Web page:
Melve King

Melve King

KING, melve

Melve King (seated) getting a trim from Rob Wakelin at Codford Camp, england, in 1917.

Melville King was the son of Daniel and Mary King of Carterton. He was born in 1897, went to Carterton School and began work as a clerk for Maunsell and Hart, solicitors in Carterton.

Melve was the right age to become part of New Zealand’s defence force set up after the Defence Act of 1909. He became a senior cadet, then a Territorial soldier, part of the 17th (Ruahine) Regiment.

Melve and his friend Ron Wakelin enlisted in 1916, adding a year to their age to become part of the 20th Reinforcement. Melve’s service number was 30610. They trained at Trentham and Featherston before embarking on the Port Lyttelton on 7 December 1916. After the voyage which went via Capetown and the Atlantic Ocean, he entered Sling Camp on the Salisbury Plain for further training, part of the 3rd Battalion, Wellington Infantry Regiment.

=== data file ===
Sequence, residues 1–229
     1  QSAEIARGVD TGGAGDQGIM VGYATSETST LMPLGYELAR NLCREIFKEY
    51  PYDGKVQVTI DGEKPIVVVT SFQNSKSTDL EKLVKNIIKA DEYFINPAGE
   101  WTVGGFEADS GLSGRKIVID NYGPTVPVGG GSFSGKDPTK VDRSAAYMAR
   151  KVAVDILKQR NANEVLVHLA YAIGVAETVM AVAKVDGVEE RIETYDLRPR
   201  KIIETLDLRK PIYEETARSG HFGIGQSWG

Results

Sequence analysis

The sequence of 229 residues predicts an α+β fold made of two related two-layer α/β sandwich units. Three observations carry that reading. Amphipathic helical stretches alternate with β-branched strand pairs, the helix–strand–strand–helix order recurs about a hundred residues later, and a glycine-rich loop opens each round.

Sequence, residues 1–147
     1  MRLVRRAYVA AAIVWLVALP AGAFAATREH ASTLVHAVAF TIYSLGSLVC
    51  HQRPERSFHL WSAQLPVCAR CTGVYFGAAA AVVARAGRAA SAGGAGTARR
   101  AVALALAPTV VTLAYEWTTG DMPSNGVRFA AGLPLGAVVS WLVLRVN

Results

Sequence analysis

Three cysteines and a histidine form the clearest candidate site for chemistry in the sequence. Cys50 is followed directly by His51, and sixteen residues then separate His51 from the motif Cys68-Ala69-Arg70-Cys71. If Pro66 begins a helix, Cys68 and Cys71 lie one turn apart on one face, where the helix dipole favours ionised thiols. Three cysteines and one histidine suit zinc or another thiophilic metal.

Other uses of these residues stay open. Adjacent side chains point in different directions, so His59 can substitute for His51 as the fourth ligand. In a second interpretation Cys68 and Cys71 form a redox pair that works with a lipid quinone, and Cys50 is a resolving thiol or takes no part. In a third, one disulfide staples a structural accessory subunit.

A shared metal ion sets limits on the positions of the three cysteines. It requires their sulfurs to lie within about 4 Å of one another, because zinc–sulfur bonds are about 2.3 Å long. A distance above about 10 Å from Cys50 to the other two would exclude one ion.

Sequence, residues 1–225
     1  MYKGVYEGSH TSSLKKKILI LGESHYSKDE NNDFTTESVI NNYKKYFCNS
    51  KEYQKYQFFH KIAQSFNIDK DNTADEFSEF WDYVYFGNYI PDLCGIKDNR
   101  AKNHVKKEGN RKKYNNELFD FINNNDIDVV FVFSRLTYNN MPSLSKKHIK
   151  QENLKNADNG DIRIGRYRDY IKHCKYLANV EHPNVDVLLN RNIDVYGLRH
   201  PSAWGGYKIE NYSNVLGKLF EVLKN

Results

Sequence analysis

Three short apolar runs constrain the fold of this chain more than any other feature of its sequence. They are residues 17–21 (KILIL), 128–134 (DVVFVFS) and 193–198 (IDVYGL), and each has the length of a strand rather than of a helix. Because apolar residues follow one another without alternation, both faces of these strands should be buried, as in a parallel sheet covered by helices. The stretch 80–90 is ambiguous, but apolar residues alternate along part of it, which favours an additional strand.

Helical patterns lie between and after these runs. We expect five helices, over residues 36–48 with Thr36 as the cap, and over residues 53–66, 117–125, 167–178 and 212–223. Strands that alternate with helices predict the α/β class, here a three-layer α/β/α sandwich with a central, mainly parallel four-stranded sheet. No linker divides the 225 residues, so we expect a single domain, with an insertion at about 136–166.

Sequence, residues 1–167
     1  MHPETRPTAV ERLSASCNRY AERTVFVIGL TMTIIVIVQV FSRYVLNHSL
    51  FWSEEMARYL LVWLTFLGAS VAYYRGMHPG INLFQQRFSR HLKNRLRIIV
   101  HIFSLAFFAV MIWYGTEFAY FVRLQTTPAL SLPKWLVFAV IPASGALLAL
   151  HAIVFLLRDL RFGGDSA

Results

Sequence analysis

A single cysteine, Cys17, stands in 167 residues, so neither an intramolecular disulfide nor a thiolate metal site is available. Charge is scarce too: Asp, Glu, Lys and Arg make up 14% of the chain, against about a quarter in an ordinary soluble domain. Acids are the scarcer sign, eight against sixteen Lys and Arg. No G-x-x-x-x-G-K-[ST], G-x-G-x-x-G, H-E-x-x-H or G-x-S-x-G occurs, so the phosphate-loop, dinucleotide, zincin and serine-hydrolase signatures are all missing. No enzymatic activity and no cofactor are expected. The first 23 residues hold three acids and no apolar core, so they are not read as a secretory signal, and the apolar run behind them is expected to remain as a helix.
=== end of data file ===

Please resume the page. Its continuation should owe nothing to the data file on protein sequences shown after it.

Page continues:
Melve arrived at the Western Front just before the Battle of Messines in June 1917. As a new boy, he mainly carried out labouring tasks such as carrying water and rations. He became a stretcher-bearer and worked at this during the Battle of Passchendaele when the New Zealand Division was badly hit.

During leave in Britain Melve had his tonsils removed and recovered at the New Zealand hospital at Walton-on-Thames. Back in the N.Z. Division, Melve retrained as a scout/sniper and took part in the Somme battles of 1918 near Albert. Shortly after the New Zealanders captured Bapaume, Melve reported sick with clinical dysentery and this ended his active war. He spent months in hospital and the war had ended by the time he recovered.

Melve arrived back in New Zealand in February 1919 and began working at his father’s woodworking company in Carterton. In 1923 he married Elizabeth Laurensen and the couple had two sons. Before the war Melve had been a volunteer fireman and he rejoined the Carterton Fire Brigade, becoming the secretary in the 1930s.

In August 1938 Melve contracted pneumonia and died at the age of 41. He is buried at Clareville Cemetery.

Melve began a daily diary on the day he sailed from Wellington and wrote until his hospitalisation in August 1918. He also took many photographs. In 2008, Wairarapa Archive published the diary as Things have been pretty lively : the Great War diary of Melve King. It gives a clear view of an infantryman’s life on the Western Front.